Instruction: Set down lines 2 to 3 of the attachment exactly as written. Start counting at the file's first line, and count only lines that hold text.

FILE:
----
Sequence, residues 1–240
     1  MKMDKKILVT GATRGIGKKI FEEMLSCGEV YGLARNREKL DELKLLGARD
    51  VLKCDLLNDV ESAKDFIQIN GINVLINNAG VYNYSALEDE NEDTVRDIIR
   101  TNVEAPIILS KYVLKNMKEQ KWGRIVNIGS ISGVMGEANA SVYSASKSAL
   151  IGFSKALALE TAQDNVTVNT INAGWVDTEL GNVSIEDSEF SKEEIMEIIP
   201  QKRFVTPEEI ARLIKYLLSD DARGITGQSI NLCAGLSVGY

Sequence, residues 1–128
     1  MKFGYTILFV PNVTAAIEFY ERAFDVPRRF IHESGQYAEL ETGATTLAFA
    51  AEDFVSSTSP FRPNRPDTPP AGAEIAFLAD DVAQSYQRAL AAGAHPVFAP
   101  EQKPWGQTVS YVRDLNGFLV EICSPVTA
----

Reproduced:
     1  MKMDKKILVT GATRGIGKKI FEEMLSCGEV YGLARNREKL DELKLLGARD
    51  VLKCDLLNDV ESAKDFIQIN GINVLINNAG VYNYSALEDE NEDTVRDIIR